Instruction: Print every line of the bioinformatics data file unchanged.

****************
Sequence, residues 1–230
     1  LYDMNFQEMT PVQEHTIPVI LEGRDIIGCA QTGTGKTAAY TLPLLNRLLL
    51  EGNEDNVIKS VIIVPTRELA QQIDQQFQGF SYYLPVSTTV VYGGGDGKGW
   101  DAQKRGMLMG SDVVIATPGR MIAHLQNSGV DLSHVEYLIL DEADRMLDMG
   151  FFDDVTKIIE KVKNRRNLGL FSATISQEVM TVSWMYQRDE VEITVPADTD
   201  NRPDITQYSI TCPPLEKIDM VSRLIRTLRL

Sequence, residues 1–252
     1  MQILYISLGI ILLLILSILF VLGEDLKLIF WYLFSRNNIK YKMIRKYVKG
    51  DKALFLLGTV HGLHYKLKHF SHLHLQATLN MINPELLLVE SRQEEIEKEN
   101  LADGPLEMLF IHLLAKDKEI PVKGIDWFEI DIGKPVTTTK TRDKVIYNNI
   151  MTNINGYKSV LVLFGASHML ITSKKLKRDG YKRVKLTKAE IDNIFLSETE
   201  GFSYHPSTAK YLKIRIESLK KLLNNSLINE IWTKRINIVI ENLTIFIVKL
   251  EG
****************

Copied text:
Sequence, residues 1–230
     1  LYDMNFQEMT PVQEHTIPVI LEGRDIIGCA QTGTGKTAAY TLPLLNRLLL
    51  EGNEDNVIKS VIIVPTRELA QQIDQQFQGF SYYLPVSTTV VYGGGDGKGW
   101  DAQKRGMLMG SDVVIATPGR MIAHLQNSGV DLSHVEYLIL DEADRMLDMG
   151  FFDDVTKIIE KVKNRRNLGL FSATISQEVM TVSWMYQRDE VEITVPADTD
   201  NRPDITQYSI TCPPLEKIDM VSRLIRTLRL

Sequence, residues 1–252
     1  MQILYISLGI ILLLILSILF VLGEDLKLIF WYLFSRNNIK YKMIRKYVKG
    51  DKALFLLGTV HGLHYKLKHF SHLHLQATLN MINPELLLVE SRQEEIEKEN
   101  LADGPLEMLF IHLLAKDKEI PVKGIDWFEI DIGKPVTTTK TRDKVIYNNI
   151  MTNINGYKSV LVLFGASHML ITSKKLKRDG YKRVKLTKAE IDNIFLSETE
   201  GFSYHPSTAK YLKIRIESLK KLLNNSLINE IWTKRINIVI ENLTIFIVKL
   251  EG